The campylobacter family of bacteria has been found on 73% of chickens in supermarkets in the United Kingdom.
While no similar research has been done in this country, a researcher believes that figure would be comparable in South Africa, a nation with a love of chicken.
Campylobacter causes severe diarrhoea. While human mortality is rare, it can be harmful to people with weakened immune systems, and to babies.
There is also a link between campylobacter and Guillain-Barré syndrome, which can cause temporary paralysis.
According to the SA National Institute for Communicable Diseases (NICD), rates of campylobacter infection are now believed to be far higher than previously thought, after tests were carried out on children with severe diarrhoea.
The NICD found that campylobacter was detected in about 13% of cases.
“Campylobacter is found naturally in a chicken’s gut. You can’t get rid of it,” the SA Poultry Association’s Dr Louis Theron said.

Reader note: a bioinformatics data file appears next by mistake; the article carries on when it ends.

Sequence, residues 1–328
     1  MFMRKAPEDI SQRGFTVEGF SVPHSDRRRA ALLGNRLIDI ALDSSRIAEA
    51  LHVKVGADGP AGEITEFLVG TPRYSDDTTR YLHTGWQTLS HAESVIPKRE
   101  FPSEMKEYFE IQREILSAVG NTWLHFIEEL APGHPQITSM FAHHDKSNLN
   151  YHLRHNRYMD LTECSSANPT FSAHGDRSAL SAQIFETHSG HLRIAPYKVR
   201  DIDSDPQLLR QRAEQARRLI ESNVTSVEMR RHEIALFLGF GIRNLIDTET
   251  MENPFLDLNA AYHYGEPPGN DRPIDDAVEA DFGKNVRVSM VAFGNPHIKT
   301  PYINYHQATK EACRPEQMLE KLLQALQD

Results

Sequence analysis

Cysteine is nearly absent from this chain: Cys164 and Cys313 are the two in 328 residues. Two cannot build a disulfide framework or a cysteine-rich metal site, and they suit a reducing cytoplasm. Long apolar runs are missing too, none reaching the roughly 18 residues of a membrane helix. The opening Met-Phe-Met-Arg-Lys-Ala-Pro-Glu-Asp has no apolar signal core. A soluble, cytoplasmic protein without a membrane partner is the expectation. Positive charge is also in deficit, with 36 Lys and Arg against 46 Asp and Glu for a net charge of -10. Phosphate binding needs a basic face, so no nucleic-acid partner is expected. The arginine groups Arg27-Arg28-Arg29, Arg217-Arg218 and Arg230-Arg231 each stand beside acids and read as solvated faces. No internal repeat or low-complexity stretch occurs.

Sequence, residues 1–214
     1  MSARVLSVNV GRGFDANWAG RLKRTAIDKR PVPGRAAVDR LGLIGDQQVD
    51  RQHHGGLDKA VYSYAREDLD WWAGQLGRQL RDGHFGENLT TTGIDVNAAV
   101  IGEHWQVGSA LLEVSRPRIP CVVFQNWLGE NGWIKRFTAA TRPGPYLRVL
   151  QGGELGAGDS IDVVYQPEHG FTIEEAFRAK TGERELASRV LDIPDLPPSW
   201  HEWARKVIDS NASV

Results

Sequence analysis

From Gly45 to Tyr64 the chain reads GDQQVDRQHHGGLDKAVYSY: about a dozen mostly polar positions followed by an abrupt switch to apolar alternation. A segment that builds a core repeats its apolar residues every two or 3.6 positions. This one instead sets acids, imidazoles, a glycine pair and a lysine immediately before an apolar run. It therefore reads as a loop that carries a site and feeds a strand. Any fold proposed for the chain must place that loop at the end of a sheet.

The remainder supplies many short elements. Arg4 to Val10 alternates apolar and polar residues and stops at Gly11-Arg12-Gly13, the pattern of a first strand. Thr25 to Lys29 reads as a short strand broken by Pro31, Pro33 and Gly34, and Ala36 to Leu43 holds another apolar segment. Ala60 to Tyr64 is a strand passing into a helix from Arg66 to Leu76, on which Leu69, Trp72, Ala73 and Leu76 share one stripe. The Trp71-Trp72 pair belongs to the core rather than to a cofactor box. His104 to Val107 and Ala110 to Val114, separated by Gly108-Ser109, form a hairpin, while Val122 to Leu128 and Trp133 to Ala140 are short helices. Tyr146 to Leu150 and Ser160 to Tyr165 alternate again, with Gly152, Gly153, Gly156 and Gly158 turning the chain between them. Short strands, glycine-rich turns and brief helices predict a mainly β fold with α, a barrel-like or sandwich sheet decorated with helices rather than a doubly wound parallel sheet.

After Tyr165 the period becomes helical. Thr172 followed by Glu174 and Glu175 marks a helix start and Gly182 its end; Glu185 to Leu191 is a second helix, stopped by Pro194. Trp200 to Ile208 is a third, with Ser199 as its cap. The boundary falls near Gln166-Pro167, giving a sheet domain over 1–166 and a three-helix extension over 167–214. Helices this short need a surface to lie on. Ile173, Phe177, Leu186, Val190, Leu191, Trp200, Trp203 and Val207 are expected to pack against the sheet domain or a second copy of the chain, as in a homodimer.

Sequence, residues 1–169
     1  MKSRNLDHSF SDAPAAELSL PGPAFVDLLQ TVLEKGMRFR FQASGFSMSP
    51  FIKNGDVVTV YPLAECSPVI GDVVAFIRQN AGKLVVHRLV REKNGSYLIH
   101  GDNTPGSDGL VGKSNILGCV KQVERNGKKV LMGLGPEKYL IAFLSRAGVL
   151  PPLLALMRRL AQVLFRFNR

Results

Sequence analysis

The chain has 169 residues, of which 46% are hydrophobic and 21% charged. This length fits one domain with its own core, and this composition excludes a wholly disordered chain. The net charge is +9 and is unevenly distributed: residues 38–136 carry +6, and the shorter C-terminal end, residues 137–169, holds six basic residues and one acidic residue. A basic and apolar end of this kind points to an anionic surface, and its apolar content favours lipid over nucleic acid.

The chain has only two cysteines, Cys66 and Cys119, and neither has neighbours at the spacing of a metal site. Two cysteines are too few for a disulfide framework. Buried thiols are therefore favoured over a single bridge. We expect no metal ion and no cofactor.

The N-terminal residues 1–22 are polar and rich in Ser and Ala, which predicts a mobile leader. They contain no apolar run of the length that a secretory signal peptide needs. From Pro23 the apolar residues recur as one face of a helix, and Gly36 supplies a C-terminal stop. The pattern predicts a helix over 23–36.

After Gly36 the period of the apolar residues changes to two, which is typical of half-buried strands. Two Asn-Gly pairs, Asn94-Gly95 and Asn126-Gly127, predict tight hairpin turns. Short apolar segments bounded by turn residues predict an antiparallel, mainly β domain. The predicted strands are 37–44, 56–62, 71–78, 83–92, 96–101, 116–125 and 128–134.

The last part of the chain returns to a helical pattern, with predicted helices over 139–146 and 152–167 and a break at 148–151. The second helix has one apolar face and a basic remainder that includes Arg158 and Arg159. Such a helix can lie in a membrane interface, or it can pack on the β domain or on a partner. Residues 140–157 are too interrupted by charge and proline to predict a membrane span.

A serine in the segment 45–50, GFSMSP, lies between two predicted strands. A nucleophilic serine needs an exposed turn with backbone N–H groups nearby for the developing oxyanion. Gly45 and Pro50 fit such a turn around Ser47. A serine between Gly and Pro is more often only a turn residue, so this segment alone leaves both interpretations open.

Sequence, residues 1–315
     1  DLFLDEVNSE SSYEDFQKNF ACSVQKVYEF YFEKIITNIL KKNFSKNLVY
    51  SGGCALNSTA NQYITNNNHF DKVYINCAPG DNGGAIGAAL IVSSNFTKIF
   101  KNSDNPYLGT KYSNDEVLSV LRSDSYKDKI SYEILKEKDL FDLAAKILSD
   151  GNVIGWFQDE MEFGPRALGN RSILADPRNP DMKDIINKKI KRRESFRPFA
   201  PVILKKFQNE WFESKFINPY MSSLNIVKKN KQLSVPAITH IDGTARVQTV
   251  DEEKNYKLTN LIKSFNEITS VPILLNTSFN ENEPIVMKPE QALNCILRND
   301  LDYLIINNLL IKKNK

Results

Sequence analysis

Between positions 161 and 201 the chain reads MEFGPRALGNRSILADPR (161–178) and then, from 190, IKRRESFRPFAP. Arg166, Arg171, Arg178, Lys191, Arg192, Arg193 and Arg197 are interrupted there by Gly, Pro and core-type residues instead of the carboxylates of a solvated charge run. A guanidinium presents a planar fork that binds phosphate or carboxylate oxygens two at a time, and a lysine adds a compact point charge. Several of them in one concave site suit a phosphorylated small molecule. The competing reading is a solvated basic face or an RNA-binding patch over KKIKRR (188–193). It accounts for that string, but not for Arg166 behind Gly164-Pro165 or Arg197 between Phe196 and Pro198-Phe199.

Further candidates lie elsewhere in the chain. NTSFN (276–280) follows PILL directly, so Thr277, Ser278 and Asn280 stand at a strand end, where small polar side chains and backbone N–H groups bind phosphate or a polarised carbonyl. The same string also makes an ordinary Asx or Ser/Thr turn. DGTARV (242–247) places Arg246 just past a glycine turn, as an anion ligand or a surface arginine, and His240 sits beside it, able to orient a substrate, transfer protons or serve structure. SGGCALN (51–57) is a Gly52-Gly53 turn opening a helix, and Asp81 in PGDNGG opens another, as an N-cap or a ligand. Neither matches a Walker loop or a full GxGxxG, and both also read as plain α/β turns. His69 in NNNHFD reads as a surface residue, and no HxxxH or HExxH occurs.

Unisa researcher Antje Bartkowiak-Higgo did a study of campylobacter rates in a South African poultry abattoir in 2005.
“I would say that what is seen in Britain is similar to what is seen here,” she said.
Bartkowiak-Higgo found that an average of 24% of chicken skin samples and livers showed campylobacter contamination.
According to the latest information by centres like the NICD that study human infection rates, Theron said, campylobacter was expected to exceed salmonella in incidents of food-borne diseases.
Ultimately, the prevention of campylobacter infections comes down to consumers.
Theron said the meat had to be cooked properly.
Care had to be taken when washing chicken carcasses, as the water could carry the bacteria onto other food.